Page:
Health Highlights: April 14, 2010

Here are some of the latest health and medical news developments, compiled by the editors of HealthDay:

States Consider Increased Role for Nurse Practitioners

Twenty-eight states are considering giving nurse practitioners expanded powers as a way of dealing with an impending shortage of primary care doctors.

Nurse practitioners are seeking the right to prescribe narcotics and to practice without having a doctor looking over their shoulder, the Associated Press reported.

But many doctors oppose the idea of boosting the authority of nurse practitioners, and the American Medical Association argues that a doctor shortage doesn’t justify putting nurses in charge and endangering patients.

Nurse practitioners counter that they’re highly trained and as skilled as doctors at diagnosing patients during office visits, spend more time with patients, and charge less than doctors, the AP reported.

In recent years, nurse practitioners have assumed a bigger role in U.S. health care, especially in areas with doctor shortages.


Twitter May Offer Early Warning of Epidemics: Study

The social networking and micro-blogging site Twitter could prove to be an effective early warning system for epidemics, British experts say.

Researchers at London’s City University found that about three million “tweets” that contained the word “flu” were posted on Twitter between May and December 2009, during the H1N1 swine flu pandemic.

“The numbers of tweets we collected by searching by keywords such as ‘flu’ or ‘influenza’ has been astronomical,” study co-author Patty Kostkova told Agence France Presse. “What we’re looking at now is, what is the potential of this enormous data set for early warning systems? Because it’s a real time media, it can call for an immediate response if required.”

The study was presented at the
European Congress of Clinical Microbiology and Infectious Diseases.


Improve Meat Supply Safety: Report

The federal government must do more to guarantee that beef eaten by Americans is free of “residual veterinary drugs, pesticides and heavy metals,” says a report by the U.S. Department of Agriculture inspector general.

The audit says better meat safety can be achieved through improved coordination between the USDA Food Safety and Inspection Service, the Environmental Protection Agency and the U.S. Food and Drug Administration, ABC News reported.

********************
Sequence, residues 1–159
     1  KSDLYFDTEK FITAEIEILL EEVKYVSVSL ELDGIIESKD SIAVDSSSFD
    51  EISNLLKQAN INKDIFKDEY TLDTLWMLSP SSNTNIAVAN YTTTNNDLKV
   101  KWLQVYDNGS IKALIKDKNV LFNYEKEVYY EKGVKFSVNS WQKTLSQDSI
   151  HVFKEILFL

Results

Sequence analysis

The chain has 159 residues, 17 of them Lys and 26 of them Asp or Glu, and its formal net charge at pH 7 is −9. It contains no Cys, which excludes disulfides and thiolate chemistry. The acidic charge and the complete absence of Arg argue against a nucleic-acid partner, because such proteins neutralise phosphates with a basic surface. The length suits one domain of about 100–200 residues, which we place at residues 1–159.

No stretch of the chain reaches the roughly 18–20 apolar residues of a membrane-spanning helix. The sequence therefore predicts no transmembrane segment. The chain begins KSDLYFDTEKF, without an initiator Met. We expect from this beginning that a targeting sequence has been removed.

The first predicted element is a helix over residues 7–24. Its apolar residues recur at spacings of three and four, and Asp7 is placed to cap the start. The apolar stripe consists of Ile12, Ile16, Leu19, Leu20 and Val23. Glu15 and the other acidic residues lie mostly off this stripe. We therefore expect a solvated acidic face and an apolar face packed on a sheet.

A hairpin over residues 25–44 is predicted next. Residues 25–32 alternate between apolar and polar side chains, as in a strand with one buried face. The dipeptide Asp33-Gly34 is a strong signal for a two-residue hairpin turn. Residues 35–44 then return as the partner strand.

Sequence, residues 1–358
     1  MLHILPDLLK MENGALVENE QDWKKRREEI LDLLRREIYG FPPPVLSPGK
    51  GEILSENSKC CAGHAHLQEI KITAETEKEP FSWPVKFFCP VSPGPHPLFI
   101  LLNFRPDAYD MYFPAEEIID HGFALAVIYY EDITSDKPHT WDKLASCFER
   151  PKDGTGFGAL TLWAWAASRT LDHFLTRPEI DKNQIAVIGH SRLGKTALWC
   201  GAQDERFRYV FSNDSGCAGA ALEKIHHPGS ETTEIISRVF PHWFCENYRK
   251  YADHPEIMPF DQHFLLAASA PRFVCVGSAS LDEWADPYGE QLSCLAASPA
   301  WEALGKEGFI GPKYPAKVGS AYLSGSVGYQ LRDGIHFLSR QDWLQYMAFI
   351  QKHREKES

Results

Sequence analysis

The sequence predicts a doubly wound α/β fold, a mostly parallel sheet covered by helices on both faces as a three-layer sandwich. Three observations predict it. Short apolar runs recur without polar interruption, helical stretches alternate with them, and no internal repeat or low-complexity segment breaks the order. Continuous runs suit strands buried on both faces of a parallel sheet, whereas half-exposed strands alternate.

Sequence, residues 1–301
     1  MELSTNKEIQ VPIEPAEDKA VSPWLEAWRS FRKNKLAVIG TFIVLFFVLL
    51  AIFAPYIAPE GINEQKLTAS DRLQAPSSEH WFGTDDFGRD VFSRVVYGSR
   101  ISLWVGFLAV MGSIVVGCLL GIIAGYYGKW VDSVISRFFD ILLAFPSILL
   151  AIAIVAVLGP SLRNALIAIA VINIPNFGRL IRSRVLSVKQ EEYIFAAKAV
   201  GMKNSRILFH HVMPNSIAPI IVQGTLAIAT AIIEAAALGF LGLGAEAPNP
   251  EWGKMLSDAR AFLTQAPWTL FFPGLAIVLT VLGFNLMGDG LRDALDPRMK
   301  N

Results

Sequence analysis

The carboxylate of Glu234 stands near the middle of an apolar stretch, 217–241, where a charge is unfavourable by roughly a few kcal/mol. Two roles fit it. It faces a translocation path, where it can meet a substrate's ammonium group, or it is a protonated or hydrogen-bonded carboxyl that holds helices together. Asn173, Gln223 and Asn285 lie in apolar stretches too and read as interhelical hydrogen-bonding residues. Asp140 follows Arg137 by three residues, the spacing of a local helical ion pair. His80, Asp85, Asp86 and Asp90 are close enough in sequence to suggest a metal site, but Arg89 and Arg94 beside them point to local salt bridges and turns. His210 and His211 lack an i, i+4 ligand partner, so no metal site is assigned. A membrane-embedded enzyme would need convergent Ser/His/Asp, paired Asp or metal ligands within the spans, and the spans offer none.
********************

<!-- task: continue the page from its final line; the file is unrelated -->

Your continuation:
“We found that the national residue program is not accomplishing its mission of monitoring the food supply for harmful residues,” said the document. “Together, FSIS, FDA, and EPA have not established thresholds for many dangerous substances (e.g., copper or dioxin), which has resulted in meat with these substances being distributed in commerce.”

It continued: “Additionally, FSIS does not attempt to recall meat, even when its tests have confirmed the excessive presence of veterinary drugs,” ABC News reported.


Discovery May Lead to Better Ovarian Cancer Treatments

An antibody that makes ovarian cancer cells more vulnerable to the body’s immune system has been identified by researchers at the University of Vienna, Austria.

They found that the AD5-10 antibody lowered tumor cells’ resistance to a protein called TRAIL, which triggers cancer cells to kill themselves, Agence France Presse reported.

“We were able to show in both cell cultures and animal models that TRAIL resistant ovarian cancer tumor cells become more sensitive to TRAIL again if TRAIL and AD5-10 are both present at the same time,” said study leader Michael Krainer.

He and his colleagues also found that AD5-10 boosts the effectiveness of several chemotherapy drugs, AFP reported.

The findings, published Monday, may lead to new treatments for ovarian cancer, a leading cause of cancer death among women.


Pre-Abortion Screenings Required Under New Nebraska Law

In what would be a first in the United States, Nebraska appears poised to enact a law that requires doctors to screen women for mental and physical problems before they perform an abortion.

If a woman isn’t screened before an abortion, she could file a civil suit. Doctors who perform an abortion without screening the patient will not face criminal charges and won’t lose their medical licenses, the Associated Press reported.

The bill received final approval from the Legislature Monday, and Republican Gov. Dave Heineman’s office said he will sign the bill Tuesday, along with another bill that would ban abortions for women more than 20 weeks pregnant.

Pro-choice groups condemned both bills. They said the first bill will limit abortions by intimidating doctors who might perform them, while the second bill blocks late-term abortions in one of the few states where doctors are willing to perform them, the AP reported.

It’s expected that both bills will be challenged in court.